Case number: OIC-60822-P7F9N3

Whether the Department was justified, under section 37(1) of the Act, in refusing access to the names of the other individuals, apart from the applicant, on the order of merit in connection with an internal competition for promotion to Area Superintendent

28 February 2020

Background

In a request dated 29 November 2019, the applicant sought access to the order of merit for the Department’s 2019 Area Superintendent Competition, in which he was a candidate. In a decision dated 2 December 2019, the Department part-granted the request, providing a copy of the applicant’s place on the order of merit and refusing access to the names of the other placed candidates under section 37(1) of the FOI Act. On 11 December 2019, the applicant sought an internal review of that decision, following which the Department affirmed its original decision. On 8 January 2020, the applicant sought a review by this Office of the Department’s decision.

I have now completed my review in accordance with section 22(2) of the FOI Act.  In carrying out my review, I have had regard to the correspondence between the Department and the applicant as set out above, as well as to the communications between this Office and both the applicant and the Department on the matter. I have decided to conclude this review by way of a formal, binding decision.

Scope of Review

This review is concerned solely with whether the Department was justified, under section 37(1) of the Act, in refusing access to the names of the other individuals, apart from the applicant, on the order of merit in connection with an internal competition for promotion to Area Superintendent.

Analysis and Findings

Section 37(1)

Section 37(1) of the FOI Act provides that, subject to other provisions of the section, an FOI body shall refuse to grant a request where access to the record sought would involve the disclosure of personal information relating to an individual or individuals other than the requester. 

Section 2 of the FOI Act defines the term “personal information” as information about an identifiable individual that (a) would, in the ordinary course of events, be known only to the individual or his/her family or friends, of the individual or (b) is held by an FOI body on the understanding that it would be treated by it as confidential. The Act details fourteen specific categories of information that is personal, without prejudice to the generality of the foregoing definition, including (iii) information relating to the employment or employment history of the individual and (v) information relating to the individual in a record falling within section 11(6)(a) of the Act, i.e. personnel records of staff of FOI bodies.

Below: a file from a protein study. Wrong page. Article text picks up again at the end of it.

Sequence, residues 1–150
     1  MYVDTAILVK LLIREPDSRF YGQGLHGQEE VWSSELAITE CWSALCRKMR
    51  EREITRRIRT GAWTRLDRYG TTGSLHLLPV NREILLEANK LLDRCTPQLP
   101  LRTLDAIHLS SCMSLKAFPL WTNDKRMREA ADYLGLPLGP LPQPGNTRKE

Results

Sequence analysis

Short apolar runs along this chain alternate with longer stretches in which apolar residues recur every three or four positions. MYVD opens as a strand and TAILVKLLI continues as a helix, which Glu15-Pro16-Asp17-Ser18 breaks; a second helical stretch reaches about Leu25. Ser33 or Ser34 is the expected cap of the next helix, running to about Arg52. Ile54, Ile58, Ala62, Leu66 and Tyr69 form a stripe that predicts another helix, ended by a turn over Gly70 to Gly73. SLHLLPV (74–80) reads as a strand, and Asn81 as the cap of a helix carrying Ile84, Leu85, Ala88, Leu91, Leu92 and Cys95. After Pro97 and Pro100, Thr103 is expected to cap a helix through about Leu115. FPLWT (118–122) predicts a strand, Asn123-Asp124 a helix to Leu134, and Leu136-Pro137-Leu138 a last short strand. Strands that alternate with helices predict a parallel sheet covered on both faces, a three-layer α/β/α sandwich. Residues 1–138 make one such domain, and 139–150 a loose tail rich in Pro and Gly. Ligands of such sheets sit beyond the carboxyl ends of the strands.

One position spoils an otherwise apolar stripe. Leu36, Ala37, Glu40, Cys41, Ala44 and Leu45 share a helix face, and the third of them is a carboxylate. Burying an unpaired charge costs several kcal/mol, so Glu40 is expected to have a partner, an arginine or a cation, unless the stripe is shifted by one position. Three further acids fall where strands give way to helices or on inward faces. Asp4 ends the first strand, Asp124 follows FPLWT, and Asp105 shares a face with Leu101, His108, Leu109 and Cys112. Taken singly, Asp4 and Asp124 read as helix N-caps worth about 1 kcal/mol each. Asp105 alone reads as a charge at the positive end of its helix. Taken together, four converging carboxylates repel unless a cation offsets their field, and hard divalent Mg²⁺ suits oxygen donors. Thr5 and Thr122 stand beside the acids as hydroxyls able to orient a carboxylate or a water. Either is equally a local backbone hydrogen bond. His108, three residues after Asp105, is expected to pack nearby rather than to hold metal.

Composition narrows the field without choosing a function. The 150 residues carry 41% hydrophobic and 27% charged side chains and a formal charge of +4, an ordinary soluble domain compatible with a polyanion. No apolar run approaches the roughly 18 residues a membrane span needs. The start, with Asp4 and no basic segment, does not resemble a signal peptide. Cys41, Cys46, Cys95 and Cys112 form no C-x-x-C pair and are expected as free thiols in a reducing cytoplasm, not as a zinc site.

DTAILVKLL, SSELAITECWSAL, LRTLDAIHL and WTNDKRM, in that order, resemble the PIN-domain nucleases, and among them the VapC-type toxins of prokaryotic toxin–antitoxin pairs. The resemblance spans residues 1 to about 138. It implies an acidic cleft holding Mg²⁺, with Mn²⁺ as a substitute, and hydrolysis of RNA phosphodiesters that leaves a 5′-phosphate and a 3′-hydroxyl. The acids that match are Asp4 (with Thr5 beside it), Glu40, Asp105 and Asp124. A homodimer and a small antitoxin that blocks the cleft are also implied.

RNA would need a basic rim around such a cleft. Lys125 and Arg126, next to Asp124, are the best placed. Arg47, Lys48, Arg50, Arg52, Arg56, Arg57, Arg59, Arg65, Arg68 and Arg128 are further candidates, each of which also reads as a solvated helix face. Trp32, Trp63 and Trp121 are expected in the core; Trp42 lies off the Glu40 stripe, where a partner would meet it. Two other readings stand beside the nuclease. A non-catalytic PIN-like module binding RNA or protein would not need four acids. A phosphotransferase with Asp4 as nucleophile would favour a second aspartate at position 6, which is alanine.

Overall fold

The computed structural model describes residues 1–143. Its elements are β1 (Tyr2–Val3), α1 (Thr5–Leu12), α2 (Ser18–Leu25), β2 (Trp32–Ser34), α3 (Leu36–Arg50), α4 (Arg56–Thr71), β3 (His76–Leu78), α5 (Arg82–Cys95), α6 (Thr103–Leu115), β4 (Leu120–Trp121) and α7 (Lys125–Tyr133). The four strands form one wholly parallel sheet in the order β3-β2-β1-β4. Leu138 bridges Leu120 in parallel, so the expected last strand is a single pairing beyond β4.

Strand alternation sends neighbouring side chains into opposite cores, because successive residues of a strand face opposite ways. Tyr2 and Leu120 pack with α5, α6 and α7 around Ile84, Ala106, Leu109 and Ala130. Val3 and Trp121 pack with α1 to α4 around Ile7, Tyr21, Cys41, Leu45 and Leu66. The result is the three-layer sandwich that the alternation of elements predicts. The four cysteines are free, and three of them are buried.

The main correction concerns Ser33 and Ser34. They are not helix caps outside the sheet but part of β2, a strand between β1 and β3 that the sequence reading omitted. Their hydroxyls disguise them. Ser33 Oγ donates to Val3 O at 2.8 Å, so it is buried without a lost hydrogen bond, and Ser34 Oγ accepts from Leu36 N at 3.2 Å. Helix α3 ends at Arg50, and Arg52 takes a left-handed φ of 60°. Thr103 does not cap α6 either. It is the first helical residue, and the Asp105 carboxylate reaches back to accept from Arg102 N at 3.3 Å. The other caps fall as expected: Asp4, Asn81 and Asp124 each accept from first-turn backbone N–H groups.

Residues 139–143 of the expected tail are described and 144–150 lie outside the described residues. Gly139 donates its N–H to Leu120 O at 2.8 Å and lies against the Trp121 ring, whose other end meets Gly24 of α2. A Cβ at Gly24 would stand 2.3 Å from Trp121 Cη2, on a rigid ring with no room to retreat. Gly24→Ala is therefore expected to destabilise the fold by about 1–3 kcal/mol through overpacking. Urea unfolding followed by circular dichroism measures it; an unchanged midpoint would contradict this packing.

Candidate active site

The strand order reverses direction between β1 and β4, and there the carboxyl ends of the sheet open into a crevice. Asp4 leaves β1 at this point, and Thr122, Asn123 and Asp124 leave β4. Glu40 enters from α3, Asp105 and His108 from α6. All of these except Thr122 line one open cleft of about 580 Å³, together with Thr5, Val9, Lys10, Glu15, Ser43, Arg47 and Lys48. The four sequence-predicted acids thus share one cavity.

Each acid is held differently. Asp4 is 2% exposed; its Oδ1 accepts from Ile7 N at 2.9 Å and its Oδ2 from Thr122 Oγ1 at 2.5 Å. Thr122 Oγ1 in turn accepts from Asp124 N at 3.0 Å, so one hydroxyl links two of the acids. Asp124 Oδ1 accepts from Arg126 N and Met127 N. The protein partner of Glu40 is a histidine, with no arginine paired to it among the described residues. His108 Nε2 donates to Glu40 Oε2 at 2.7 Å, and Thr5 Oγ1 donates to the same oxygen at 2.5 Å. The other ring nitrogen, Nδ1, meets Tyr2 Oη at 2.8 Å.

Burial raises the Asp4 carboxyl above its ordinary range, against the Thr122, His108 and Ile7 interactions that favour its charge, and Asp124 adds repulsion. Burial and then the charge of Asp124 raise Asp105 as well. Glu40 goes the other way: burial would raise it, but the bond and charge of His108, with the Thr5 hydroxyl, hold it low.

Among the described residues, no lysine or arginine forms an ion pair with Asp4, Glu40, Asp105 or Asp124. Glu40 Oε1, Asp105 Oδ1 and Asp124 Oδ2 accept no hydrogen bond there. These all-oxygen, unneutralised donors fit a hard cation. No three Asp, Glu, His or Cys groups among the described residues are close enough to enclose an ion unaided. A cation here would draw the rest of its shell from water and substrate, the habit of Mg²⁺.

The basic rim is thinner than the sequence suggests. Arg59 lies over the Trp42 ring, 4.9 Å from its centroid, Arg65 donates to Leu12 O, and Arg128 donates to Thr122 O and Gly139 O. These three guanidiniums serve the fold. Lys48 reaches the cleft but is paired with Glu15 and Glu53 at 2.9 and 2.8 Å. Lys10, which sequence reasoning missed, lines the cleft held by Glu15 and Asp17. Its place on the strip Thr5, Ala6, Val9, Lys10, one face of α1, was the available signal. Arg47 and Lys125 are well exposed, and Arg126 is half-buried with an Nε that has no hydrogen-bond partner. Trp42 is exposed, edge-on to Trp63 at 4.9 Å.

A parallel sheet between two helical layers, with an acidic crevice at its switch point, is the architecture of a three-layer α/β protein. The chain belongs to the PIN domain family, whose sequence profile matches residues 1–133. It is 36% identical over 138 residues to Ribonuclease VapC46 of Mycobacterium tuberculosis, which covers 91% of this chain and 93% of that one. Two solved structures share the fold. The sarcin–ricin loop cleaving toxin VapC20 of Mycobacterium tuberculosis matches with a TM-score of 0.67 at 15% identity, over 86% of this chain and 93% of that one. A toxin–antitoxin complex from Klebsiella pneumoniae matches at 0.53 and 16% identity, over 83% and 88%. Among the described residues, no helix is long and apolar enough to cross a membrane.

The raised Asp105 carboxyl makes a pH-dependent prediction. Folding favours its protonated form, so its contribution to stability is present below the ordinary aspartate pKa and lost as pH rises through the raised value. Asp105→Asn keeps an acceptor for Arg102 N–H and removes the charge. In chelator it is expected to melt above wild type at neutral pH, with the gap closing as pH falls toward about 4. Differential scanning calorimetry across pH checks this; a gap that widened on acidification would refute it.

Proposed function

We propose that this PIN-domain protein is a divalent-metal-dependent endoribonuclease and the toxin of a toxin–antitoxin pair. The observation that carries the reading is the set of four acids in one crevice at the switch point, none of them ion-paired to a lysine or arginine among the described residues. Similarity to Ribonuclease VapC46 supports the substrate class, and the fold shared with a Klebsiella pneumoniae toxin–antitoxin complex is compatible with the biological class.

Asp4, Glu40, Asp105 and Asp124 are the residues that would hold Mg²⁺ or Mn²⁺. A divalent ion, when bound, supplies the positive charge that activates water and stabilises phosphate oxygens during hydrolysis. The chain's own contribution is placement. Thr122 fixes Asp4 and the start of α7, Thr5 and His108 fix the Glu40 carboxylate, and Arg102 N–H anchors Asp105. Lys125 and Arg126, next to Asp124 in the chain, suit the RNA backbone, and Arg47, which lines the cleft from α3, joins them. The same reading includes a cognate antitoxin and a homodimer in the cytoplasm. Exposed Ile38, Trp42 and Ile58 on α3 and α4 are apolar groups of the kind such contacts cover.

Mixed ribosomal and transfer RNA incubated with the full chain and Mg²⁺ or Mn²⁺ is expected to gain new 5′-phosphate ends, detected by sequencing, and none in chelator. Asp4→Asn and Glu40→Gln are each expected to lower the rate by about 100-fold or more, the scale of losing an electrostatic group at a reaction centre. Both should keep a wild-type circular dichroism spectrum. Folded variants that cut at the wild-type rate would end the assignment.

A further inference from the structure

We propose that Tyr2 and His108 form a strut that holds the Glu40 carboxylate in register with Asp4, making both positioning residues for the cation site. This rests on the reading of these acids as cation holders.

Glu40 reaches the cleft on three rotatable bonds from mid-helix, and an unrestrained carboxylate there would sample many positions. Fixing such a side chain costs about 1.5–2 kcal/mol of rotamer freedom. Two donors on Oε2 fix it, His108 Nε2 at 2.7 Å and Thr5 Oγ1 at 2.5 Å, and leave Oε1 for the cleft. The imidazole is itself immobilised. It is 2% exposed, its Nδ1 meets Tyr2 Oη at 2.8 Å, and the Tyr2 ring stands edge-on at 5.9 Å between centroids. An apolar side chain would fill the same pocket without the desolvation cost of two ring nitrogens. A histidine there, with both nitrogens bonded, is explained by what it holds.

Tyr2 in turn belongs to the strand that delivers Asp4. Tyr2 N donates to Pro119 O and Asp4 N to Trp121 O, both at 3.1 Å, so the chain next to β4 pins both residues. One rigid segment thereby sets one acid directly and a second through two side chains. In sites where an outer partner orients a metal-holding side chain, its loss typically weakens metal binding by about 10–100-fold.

Certain information is excluded from the definition of personal information. Where the individual holds or held a position as a member of the staff of an FOI body, the definition does not include his or her name, or information relating to the position, the functions of the position, the terms upon and subject to which the individual holds or held that position, or anything written or recorded in any form by the individual in the course of and for the purpose of the performance of his or her functions (Paragraph (I) refers). Similar information relating to service providers is also excluded (Paragraph (II) refers).

The exclusion at Paragraph I does not exclude all information relating to staff members. The exclusion is intended, in essence, to ensure that section 37 cannot be used to exempt the identity of a public servant in the context of the particular position held or any records created by the staff member while carrying out his or her official functions, or information relating to the terms, conditions and functions of positions. The exclusion does not deprive public servants of the right to privacy generally.

I note that in his application for review to this Office, the applicant referenced a decision I made in case 160341 wherein I found that the names of panellists from the Temporary Veterinary Inspector panel listings was not personal information for the purposes of the Act on the ground that the exclusion at Paragraph (II) applied. It is important to note, however, that I found that the disclosure of the names of the panellists in that case disclosed nothing more than the fact that the individuals in question were service providers.